Why Europa League May Have To Re-Think Their Final Venues From Now On

The UEFA doesn't seem to understand the impact of a particular change regarding the outcome of the Europa League final. Via their own website, the UEFA explained the issue.

"This season was the first where the winners of the previous UEFA Europa League gained automatic entry into the UEFA Champions League, Sevilla taking that berth despite finishing fifth in Spain. That meant Spain had a record five teams in the UEFA Champions League group stage this time around."
Sevilla was then knocked down to the Europa League, where it fought its way back to the final. The plan, no doubt, is to take advantage of a glorious do-over and get back to the Champion's League. Standing in their way is Liverpool FC, the only English team remaining in contention for a European trophy.
Liverpool has delivered some amazing performances in the Europa League, beating opponents previously declared favorites to win the competition. The only thing standing in the Merseyside team's way is Sevilla -- a side that is attempting a record-breaking three Europa League victories in a row.

Many expect it to be an intense, must-see game. Unfortunately, tens of thousands of football fans won't be able to see it. The Europa League final will be held in Basel, Switzerland. The chosen venue is FC Basel's St. Jakob-Park, which has a maximum capacity of 35,000.

Many believe that Liverpool fans alone could fill the stadium -- and it still wouldn't represent enough spaces for fans desperate to witness the Red's first final in nine years.

A little over 10,000 tickets were made available exclusively to the English team's supporters. Sevilla fans will receive about the same, although some feel the Spanish side will have quite a few tickets left over. Ticket scarcity has many frustrated at the UEFA's choice of venue.

BBC Sport reports that the UEFA has spoken out against criticism, staunchly defending its choice of St. Jakob-Park as the site of the Europa League final.

"Of course, it is impossible to predict in advance which clubs will reach the final. Europe's largest stadiums are usually selected to host the Champions League final, and UEFA tends to select slightly smaller, top-quality venues for the Europa League final."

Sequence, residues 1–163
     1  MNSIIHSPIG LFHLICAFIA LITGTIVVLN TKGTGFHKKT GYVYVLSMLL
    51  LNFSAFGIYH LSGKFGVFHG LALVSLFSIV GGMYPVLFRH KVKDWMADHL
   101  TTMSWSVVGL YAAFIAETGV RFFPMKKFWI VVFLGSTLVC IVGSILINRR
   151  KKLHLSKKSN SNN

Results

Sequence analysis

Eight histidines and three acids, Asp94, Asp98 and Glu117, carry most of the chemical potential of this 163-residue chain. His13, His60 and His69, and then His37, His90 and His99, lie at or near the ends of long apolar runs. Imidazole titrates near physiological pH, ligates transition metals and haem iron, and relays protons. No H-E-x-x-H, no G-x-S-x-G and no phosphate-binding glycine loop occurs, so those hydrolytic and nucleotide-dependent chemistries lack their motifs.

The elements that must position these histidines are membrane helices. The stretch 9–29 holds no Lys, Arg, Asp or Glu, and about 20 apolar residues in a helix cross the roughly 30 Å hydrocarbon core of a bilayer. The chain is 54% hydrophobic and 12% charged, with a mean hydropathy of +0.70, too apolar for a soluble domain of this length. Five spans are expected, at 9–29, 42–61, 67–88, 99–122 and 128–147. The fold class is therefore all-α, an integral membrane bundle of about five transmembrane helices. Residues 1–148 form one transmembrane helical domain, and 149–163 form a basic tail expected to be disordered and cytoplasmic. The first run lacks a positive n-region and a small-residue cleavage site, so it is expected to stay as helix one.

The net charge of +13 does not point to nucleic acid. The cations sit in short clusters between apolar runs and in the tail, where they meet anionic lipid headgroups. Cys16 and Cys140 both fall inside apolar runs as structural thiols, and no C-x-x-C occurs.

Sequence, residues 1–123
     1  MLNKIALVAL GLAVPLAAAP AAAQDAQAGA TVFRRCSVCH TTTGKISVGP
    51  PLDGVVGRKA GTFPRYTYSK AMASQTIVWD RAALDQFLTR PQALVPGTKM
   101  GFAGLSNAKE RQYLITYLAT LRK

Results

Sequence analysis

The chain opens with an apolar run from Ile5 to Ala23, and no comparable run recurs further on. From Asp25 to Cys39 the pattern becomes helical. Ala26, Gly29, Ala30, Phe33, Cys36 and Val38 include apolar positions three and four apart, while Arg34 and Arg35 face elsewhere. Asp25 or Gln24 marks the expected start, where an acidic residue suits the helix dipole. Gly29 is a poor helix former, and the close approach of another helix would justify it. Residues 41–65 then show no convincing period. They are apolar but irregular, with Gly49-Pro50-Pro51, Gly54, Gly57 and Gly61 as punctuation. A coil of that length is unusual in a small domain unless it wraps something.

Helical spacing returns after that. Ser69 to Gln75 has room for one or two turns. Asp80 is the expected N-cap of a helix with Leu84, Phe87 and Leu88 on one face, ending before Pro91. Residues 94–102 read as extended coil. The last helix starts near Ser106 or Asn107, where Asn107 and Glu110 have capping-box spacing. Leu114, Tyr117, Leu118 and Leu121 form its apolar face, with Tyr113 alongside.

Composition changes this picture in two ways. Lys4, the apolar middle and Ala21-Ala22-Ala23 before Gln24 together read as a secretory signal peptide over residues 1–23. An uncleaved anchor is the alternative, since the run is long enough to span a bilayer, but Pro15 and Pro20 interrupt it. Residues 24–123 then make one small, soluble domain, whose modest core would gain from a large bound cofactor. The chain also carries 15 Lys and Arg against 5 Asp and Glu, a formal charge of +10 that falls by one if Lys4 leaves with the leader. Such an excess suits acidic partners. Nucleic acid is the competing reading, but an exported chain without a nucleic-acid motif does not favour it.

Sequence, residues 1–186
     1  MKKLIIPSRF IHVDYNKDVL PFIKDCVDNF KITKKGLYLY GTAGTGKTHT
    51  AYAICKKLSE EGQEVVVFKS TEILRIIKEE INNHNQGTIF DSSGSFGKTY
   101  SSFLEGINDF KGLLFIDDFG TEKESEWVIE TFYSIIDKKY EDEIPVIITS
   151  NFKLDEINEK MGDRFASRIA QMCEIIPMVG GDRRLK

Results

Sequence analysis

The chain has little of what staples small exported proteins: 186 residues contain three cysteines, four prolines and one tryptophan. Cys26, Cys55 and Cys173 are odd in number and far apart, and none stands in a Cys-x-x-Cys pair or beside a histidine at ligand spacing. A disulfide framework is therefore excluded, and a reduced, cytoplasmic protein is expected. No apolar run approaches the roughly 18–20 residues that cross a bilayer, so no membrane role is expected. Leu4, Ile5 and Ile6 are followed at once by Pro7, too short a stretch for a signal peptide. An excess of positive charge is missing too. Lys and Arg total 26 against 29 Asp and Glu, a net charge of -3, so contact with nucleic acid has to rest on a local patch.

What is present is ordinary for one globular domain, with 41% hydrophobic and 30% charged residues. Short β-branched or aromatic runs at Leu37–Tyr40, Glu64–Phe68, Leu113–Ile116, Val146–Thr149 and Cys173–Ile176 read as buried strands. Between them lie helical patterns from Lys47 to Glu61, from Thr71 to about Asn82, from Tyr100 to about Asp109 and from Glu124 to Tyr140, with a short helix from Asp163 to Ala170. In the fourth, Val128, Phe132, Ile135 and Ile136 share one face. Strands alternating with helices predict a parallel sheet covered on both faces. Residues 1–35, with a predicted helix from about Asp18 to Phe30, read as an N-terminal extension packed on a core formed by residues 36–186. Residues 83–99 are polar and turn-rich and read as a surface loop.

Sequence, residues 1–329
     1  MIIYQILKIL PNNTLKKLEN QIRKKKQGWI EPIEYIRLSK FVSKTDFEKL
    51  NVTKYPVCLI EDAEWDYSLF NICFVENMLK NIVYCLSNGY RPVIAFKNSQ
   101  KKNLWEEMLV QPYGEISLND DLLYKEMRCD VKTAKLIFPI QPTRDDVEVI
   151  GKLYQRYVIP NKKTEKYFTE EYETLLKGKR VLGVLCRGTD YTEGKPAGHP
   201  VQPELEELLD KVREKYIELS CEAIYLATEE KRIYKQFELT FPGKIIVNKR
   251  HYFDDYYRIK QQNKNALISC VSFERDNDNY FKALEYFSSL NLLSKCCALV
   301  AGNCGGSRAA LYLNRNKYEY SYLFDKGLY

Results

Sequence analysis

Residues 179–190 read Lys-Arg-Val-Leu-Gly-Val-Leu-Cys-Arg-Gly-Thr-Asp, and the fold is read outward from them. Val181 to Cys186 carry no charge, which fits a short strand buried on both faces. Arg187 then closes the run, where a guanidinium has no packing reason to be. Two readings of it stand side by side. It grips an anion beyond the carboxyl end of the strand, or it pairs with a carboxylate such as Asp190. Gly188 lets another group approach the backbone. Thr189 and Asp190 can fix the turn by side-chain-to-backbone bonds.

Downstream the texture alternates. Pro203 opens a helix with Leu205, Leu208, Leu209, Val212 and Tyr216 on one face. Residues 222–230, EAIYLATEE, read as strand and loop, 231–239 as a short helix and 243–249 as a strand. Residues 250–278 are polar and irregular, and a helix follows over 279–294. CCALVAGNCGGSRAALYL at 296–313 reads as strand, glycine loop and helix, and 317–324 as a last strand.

This thinking is going to have to stop because the Europa League is no longer just the Europa League: it's the golden ticket to the Champions League for teams who risk missing the competition via their domestic leagues.

The UEFA's Europa League has been looked down on for so long that this reality didn't even seem to enter the minds of UEFA members. They failed to guess why defending champions Sevilla stormed back through the knockout competition. They neglected to consider why Liverpool delivered some of the most amazing matches in the Europa League's history.

The Europa League title itself hasn't meant much for some time, but a spot in the Champion's League does. How the UEFA missed that is beyond any football fan who handily predicted that at least one noteworthy team would make it to the final. And now they're trying to justify buying a too-small venue using logic that is no longer sensible.

There isn't a Champions League team in contention who wouldn't want another game into this highly glorified competition. Having a Europa League cup as "insurance" should there be a shaky finish for third or fourth can't be anything but a good thing. This will inspire desperation, competition, drama.

In other words, all the things we saw in the late stages of this year's UEFA Europa League competition. This very first year where the Sevilla squad went through to the Champions League as a reward.

We can only hope that the UEFA opts for at least a 50,000-seat stadium next year. The Europa League competition is about to get more interesting than they realize -- although it may take a couple of years for members of the UEFA to realize it.

[Photo by Simon Hofmann/Getty Images]